iPhone OS 3 has far better support for Bluetooth for applications (they can even have custom protocols), but I don't know if it supports bluetooth keyboards or if it is possible for someone to release an app to add that to the OS.
It will support stereo bluetooth headphones. It has a standard 3.5mm headphone jack. It has AGPS - that's full GPS with additional cell tower assistance which is useful in cities where getting a satellite line of sight is harder. It doesn't come with GPS software built-in, you'll have to buy the TomTom app.
Basiocally, buy a good nokia. Almost anything from the E series.
But get to from Nokia direct and then it is unlatched.
Therefore you will not be paying sill roaming priices as you will be able to drop a local sim in whereever you habppen to be.
This is always the best option.
Thenm you can get a good mp3 to boot which you will be able to use on the 'plane......
Disappointed at the high cost of the 3GS.
Disappointed that Apple did not announce a smaller iPhone (Palm Pre/Vodafone Magic sizes are much better).
Disappointed that the tariffs are still poor value compared to O2 standard tariffs. 500 text allowance on all tariffs - it'll take 4 text messages to send an MMS!
I have had a 16Gb Iphone 3G with 7 months left on my contract.
I was going to go straight out and get the new one as soon as it was available, but won't now due to the disgusting pricing policy from O2.
Why do we pay twice that of the Americans, and then have to pay extra for tethering, THEN have to pay to buy out of the existing contract!! No Way O2!!!
They have definately shot themselves in the foot with this one. I had the original IPhone, was expecting a decent upgrade path to the 3G, didn't get it! thought they might reward loyal customers? No way, we end up paying more because of the contracxt buy-out.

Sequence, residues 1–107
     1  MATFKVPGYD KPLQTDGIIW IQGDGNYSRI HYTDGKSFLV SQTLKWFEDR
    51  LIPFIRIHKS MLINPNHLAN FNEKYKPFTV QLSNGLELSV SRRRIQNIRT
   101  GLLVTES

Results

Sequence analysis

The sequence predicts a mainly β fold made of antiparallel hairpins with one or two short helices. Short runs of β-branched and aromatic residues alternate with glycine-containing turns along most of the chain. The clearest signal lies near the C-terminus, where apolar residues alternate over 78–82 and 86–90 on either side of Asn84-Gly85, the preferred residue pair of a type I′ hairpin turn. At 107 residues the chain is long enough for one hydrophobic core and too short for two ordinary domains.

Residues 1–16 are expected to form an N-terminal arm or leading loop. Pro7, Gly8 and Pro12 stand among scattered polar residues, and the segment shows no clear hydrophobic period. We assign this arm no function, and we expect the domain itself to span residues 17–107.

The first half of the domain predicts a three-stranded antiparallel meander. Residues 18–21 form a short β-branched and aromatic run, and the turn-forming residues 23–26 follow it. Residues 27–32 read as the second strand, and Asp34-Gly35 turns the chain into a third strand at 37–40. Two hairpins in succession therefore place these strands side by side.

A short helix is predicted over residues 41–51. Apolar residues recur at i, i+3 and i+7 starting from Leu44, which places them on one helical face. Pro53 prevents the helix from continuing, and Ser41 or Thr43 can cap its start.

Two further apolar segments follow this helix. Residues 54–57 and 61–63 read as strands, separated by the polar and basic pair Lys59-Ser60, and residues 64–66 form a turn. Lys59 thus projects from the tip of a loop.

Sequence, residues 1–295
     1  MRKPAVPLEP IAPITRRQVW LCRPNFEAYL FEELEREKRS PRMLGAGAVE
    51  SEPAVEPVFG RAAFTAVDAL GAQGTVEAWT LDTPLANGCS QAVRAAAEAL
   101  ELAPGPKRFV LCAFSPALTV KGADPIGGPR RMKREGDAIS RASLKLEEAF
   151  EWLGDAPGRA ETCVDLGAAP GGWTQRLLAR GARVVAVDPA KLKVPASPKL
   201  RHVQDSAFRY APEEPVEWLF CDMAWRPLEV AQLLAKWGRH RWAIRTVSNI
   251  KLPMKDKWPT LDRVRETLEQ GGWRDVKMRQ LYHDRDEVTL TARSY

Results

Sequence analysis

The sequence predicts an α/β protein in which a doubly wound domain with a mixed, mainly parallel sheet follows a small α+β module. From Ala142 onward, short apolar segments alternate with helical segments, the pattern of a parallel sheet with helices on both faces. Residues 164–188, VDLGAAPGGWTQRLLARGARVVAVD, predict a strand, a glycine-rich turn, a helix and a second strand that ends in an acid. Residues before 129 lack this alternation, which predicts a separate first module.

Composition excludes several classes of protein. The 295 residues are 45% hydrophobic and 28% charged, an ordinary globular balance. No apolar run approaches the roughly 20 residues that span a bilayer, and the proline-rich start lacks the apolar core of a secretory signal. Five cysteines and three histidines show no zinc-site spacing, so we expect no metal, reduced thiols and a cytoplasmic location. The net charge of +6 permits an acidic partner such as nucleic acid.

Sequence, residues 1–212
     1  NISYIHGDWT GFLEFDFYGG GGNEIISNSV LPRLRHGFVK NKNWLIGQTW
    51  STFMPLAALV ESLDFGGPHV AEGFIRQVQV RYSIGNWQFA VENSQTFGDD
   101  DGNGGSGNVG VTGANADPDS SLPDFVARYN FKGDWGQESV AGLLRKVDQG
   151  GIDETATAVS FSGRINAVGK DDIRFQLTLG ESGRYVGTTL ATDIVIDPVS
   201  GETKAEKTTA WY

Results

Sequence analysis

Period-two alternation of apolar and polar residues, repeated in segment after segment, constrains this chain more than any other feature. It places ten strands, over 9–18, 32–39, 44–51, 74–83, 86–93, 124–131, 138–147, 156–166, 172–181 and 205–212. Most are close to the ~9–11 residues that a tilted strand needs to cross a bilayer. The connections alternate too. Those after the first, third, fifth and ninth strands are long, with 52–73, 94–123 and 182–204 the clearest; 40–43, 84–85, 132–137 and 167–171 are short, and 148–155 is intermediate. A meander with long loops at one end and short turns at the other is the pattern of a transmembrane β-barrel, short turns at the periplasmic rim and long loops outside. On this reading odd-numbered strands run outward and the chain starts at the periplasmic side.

F*** EM!! They'll not be getting any cash out of me this time, OR in January, when my contract is up. By then + 6 months, the next nextgen IPhone will be due for release!!! and hopefully by then O2 will have lost their exclusivity and competition will bring the price down.
O2 = Scum-sucking leeches!!
If you buy out your existing O2 contract, what happens to all the inclusive minutes/data which you would be paying for? Do you lose it, or does it get tacked onto the end of the new contract they make you buy?
Anyway, i think the new pricing is ridiculous, but people will line up and flood the stores in the first week anyway... When the previous 2 models came out they were out of stock for weeks and with long queues trailing out of the stores. Perhaps they are planning to handle the initial flood of demand - higher price will reduce demand and increase the margins from those who do sign up... Maybe they will drop the prices significantly after a couple of months?
I already have the iphone 3g, and won't be buying the 3gs at these prices... I might consider it when the current contract expires, if they offer a decent deal on it by then.
The tethering pricing is stupid too, you can use third party tethering apps with the current models if you jailbreak and they work fine...
If you have £800 to spend on a iphone, you certainly should have a car with either built in GPS or just a straight forward TomTom One which you leave in the car. (glove box etc).
Personally my girlfriend would just think I was a complete tosser if I took an iphone out and mounted on the dash board to use as a GPS. The Tomtom GPS add-on for in car navigation is really not a must have.
Any family car journey I've been on - the last place you want to put your iphone is on a mount on the windscreen, generally the owner is looking up facts to correct any sweeping statements about the current state of the economy / Gordon Brown, or usefully finding a good recommended restaurant via the web, for somewhere to stop and eat. Other than that - surely the kid in the back wouldn't let it be mounted on your dashboard - they would be playing some game on it.
If you getting a cheap phone (nokia 6300 etc) to pair with itouch - there are lots of better contracts than paying £35 a month, I'm sorry to justify the price by combining the two is total rubbish. This thing is overpriced and really not worth it. O2 you need to thing again on your pricing, yeh - and improve your 3G coverage before this thing becomes 'mainstream'
I spoke to O2 this morning and to buy out my contract will cost me the same as keeping it going; just under £35/month for the next seven months in one hit.
Yes, that means if I want to get a phone next Friday, I need to slap down £514 for the 32GB and start a new contract.